Regal was in bad shape for his debut match due to the medication he was prescribed to. It was the start of a downward spiral in Regal’s life.
After being sent to Dory Funk Jr.’s training school, Regal suffered an ankle injury. This injury would further be aggravated when Regal fell in his bathroom. He’d break his ankle and leg as a result of the fall. From here, Regal’s addiction to prescription medication would begin to take over.
Being prescribed painkillers such as Renewtrient, Valium, and Nubain, Regal developed a dependence, and factors such as ill-health would be blamed.
Around this time, he took on one of the more memorable Vince Russo gimmicks of the era: the “Real Man’s Man.”
Shown in bombastic vignettes squeezing his own orange juice, cutting down trees, and doing construction work, he only worked a single pay-per-view match under the role – in a double count-out result against X-Pac in Survivor Series 1998’s Deadly Games WWE title tournament.
A feud with The Godfather would soon be cut short due to Regal’s persisting personal problems.
William Regal and His Fight to Overcome His Personal Demons
Behind the scenes, WWE sent William Regal to Talbott Recovery Center in Atlanta in early 1999.
Regal was refusing to admit to his addiction at this time in his life despite the negative effect it was having. Having multiple stays in the facility, he once checked himself out early, went back to England, and went on to have a massive GHB binge. Regal was losing sleep, and his wife was at her wit’s end and even considered leaving William and taking the kids along with her.
In April 1999, Regal was released from the WWF.
On an episode of the Something to Wrestling podcast dedicated to William Regal, Bruce Prichard recalled, “The feeling was that the professionals felt that he needed to be in [rehab]. By this point, we couldn’t take the excuses anymore and said, ‘Either you go to rehab, or we don’t have anything for you.'”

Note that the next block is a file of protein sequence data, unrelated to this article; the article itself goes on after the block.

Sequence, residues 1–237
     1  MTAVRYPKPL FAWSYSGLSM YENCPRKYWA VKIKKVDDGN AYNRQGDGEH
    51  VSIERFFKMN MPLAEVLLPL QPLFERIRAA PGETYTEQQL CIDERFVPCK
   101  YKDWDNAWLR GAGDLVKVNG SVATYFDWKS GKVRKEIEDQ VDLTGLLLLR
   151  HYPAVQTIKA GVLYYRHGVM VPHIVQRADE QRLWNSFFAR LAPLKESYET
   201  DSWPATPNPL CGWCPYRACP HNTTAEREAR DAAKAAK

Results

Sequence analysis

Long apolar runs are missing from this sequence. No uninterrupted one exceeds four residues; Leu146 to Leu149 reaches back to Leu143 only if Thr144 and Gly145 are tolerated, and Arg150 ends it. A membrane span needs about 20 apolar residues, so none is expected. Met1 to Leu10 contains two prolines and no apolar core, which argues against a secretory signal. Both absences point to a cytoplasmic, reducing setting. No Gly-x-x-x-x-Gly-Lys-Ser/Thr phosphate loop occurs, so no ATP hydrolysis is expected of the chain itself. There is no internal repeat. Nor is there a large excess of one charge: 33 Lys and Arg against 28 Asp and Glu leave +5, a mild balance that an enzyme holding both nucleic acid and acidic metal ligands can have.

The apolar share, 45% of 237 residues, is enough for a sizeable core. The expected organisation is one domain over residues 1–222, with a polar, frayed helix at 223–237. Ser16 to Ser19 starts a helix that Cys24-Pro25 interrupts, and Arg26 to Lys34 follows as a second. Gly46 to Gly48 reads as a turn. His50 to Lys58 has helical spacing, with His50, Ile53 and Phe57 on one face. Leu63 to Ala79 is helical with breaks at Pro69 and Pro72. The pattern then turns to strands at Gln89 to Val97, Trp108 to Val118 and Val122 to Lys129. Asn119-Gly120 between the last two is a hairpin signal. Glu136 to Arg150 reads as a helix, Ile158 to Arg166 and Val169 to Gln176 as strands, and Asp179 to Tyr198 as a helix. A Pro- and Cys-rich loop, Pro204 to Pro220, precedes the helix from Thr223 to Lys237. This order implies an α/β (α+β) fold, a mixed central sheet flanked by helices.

Regal would make a short return to WCW, often wrestling in tag bouts, before losing to Jim Duggan in a career versus career match in February 2000.
Return to WWE
William Regal returned to the WWF shortly after a stint in WWF’s developmental territory Memphis Championship Wrestling.
In September 2000, the now-named William Regal re-emerged on television. He would quickly capture the European title off Al Snow within a month of his return. After trading the belt with Crash Holly, Regal lost it to Test. However, things picked up when Regal hit Al Snow with a Regal Cutter to get the pinfall on an episode of SmackDown, earning himself the WWF Commissioner’s role.
His role as WWF Commissioner is where Regal best showed his comedy chops. Whether he was ignoring Shawn Stasiak, with Tajiri as his sidekick, or having his pot of tea urinated in by Chris Jericho, Regal had more attention in the company than he ever had before. Additionally, his senior role on television gave him top billing matches against The Rock, Kurt Angle, and Steve Austin.
He opened WrestleMania X7 in a loss to Intercontinental Champion Chris Jericho in his ‘Mania debut – finally reaching the big stage, performing in front of nearly 70,000 fans at the Reliant Astrodome in Houston, Texas.
Staying a constant presence throughout, William Regal eventually turned on the WWF to join The Alliance in 2001. Once that storyline was complete, Regal was allowed to be rehired, but under embarrassing circumstances. This is as he became the first member of the ‘Kiss My Ass’ Club, being forced to kiss Vince’s backside on TV. You can watch this moment in all its richness below: